David had a thousand ways to justify inviting Bathsheba to his palace after that first accidental view: She is a neighbor to whom I should demonstrate hospitality. She is the wife of my loyal warrior to whom I want to show gratitude. And thus his desire grew until they both committed adultery.
Therefore, an indispensable spiritual workout for us is to
exercise control over our hearts; to prevent sinful desires from germinating
and drawing us into making choices against the will and commands of God. When
Jesus Christ comes again to judge man, He will judge according to each one's
THE DEVIL’S METHODS OF TEMPTATION
Nevertheless, it is undeniable that the devil is tireless
in his efforts to tempt man (
First, he makes it a huge disincentive for man to remain faithful to God. This could take the form of extremely difficult circumstances. For example, both Job and his wife were put through great suffering. While Job persevered, his wife surrendered her faith in God (Job 2:9).
Second, the devil instigates man to go against the word of God. This second approach is more complex and insidious. Many have fallen by this strategy. The devil used this to tempt the Lord Jesus. In fact, he tried three times to use the word of God to tempt Jesus to go against God!
The First Temptation: Challenging Our Identity
Now when the tempter came to Him, he said, “If You are the Son of God, command that these stones become bread.” But He answered and said, “It is written, ‘Man shall not live by bread alone, but by every word that proceeds from the mouth of God.’ ” (Mt 4:3–4)
This first temptation is a challenge to prove our identity. It was no mere test of Jesus’ ability to perform miracles. What was the devil’s true intent?
Just before the Lord Jesus was led into the wilderness by the Spirit, He had been baptized. When Jesus came out of the water, the heavenly Father proclaimed that Jesus was His Son, and sent His Holy Spirit to prove that Jesus was His Son (Mt 3:16–17). By challenging Jesus to perform a miracle, the devil was implying that the heavenly Father’s endorsement of Jesus’ identity was not enough; the devil wanted Jesus to prove His own identity by demonstrating His power.
The devil knew Jesus had fasted for forty days and was hungry. So he tried to drive a wedge between Jesus and His Father by suggesting that his way was superior to the heavenly Father’s method. By turning the stones to bread, Jesus not only proves His identity but also feeds Himself.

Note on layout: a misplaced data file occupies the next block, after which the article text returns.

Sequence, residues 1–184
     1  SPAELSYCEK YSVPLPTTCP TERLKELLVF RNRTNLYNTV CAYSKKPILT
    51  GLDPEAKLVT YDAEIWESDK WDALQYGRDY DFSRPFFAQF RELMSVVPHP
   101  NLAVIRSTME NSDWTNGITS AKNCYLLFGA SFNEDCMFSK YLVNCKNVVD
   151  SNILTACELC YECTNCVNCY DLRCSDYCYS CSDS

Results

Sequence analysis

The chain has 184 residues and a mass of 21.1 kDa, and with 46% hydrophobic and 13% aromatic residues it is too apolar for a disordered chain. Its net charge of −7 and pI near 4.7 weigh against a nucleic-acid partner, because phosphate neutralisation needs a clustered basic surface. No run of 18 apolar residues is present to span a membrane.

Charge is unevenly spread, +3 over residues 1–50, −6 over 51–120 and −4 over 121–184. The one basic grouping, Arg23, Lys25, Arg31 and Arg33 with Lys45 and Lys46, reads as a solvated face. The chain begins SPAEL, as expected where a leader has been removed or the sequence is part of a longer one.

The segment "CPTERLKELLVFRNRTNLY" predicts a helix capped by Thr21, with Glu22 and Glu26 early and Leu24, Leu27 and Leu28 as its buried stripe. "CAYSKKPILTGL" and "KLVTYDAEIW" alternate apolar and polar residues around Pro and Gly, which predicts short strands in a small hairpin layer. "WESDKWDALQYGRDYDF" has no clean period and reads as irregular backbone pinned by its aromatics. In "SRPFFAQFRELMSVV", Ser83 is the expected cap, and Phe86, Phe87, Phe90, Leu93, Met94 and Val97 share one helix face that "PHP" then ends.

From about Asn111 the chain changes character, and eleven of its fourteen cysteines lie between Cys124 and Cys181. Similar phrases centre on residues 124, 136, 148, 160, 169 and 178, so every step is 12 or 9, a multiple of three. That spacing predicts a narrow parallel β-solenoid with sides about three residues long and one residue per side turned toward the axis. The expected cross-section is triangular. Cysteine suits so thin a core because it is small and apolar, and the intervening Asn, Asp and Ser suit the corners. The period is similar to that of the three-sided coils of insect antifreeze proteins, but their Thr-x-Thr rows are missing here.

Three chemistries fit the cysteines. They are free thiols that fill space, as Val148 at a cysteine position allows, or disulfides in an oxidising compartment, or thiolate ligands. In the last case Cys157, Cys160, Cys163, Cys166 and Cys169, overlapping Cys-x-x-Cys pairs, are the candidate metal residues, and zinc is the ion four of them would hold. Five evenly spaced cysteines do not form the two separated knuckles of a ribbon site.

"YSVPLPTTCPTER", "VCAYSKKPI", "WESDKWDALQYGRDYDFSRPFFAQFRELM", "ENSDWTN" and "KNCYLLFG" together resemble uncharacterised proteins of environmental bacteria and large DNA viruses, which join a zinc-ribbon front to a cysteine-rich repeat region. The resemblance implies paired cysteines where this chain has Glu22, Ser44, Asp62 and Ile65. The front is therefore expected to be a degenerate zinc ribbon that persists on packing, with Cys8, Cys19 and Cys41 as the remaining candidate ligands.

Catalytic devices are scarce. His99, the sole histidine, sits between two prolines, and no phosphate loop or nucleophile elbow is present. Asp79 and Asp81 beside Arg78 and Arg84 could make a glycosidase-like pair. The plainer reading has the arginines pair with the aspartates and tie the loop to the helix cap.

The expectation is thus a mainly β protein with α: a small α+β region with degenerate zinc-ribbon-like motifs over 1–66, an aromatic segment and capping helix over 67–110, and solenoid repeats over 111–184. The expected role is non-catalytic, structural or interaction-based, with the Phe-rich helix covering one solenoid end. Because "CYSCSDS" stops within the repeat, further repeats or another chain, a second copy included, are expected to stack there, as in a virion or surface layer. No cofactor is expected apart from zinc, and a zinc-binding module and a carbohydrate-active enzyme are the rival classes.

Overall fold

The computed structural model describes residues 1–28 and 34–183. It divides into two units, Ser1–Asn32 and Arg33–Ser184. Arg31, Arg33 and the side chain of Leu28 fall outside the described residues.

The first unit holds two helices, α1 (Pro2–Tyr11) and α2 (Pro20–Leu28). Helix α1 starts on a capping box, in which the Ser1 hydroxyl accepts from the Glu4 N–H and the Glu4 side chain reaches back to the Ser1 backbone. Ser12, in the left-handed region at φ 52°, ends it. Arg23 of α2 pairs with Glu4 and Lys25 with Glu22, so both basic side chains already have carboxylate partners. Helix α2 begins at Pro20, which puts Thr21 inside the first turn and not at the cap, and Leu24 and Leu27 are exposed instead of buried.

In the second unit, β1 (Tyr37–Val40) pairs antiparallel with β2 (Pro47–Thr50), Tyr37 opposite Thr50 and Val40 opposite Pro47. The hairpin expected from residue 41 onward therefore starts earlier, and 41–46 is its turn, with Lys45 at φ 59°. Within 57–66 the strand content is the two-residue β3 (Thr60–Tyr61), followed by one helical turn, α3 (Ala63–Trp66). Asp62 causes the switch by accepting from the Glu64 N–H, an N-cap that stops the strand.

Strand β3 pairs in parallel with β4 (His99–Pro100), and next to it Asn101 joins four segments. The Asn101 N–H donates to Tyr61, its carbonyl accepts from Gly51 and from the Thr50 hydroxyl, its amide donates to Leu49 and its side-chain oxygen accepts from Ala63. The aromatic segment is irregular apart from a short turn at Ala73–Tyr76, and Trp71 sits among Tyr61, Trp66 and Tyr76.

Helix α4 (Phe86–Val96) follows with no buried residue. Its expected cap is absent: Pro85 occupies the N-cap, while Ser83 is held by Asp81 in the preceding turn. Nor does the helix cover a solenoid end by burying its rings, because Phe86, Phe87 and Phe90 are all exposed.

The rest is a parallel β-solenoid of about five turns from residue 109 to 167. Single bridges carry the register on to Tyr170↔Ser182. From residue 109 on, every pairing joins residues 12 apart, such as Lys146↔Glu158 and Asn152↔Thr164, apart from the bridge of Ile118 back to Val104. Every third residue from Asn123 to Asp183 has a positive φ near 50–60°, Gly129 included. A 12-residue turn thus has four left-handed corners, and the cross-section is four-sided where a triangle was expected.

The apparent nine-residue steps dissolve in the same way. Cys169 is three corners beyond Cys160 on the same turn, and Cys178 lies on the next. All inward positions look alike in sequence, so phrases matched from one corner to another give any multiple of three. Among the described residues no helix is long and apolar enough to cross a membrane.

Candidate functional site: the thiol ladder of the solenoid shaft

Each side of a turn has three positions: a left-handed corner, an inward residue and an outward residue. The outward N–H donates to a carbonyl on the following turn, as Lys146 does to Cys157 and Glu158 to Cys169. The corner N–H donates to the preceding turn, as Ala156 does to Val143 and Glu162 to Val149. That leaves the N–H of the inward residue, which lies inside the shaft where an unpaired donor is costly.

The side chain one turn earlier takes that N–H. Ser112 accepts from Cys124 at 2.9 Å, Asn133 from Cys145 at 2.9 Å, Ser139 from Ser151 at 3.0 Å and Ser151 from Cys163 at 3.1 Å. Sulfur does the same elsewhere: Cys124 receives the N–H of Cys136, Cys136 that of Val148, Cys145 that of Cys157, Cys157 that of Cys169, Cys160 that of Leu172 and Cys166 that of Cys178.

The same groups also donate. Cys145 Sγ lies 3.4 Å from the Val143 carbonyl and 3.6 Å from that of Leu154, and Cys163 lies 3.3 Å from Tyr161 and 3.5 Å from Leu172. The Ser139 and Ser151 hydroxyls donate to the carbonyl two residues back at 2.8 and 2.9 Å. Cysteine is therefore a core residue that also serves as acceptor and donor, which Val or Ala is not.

This was the devil’s stratagem. He provided an incentive for Jesus to go against the word of God; he challenged Jesus to use a miracle to prove that He was the Son of God, and to resolve the problem of hunger. As humans, we would find the devil’s reasoning logical and appealing. If Jesus was truly the Son of God, God would not allow or want Him to go hungry. Performing a miracle both proves Jesus’ divine power and status, and generates food. The devil could then be silenced.
But Jesus immediately rejected the temptation, saying, “Man shall not live by bread alone, but by every word of God” (Lk 4:4b). By this, Jesus was emphasizing that He would rather forego miracles and food than cast doubt on the heavenly Father’s testament to His sonship. Jesus’ priority was to affirm and submit to His Father’s words.
Had the Lord Jesus yielded to the natural human impulse of performing a miracle in order to kill two birds with one stone, He would have effectively obeyed the devil, rather than His heavenly Father. He would have denied the Father’s wisdom and way, and the sufficiency of the Holy Spirit’s testimony.
We may also encounter a similar temptation today. God uses the truth and the Holy Spirit to testify that we are children of God. The truth that saves tells us that baptism in the name of Jesus washes away our sins, making us the sons of God. Then when we pray for and receive the promised Holy Spirit, this Spirit of sonship will prove that we are children of God (Gal 4:6). However, in our afflictions (e.g., poverty, unemployment, illness) the devil tempts us with insinuations that God has abandoned us: “Are you really a son of God? Then why are you hungry? Why are you so ill? If you are truly a child whom God loves, you should pray and ask God to perform a miracle, to resolve all your problems, to heal your sickness! If God heeds your request, you have proved that you truly are a child of God!” The unspoken corollary hangs in the air: “But if God does not heal, are you truly the son of God? Does God really love you? Perhaps He’s not the right God for you ….”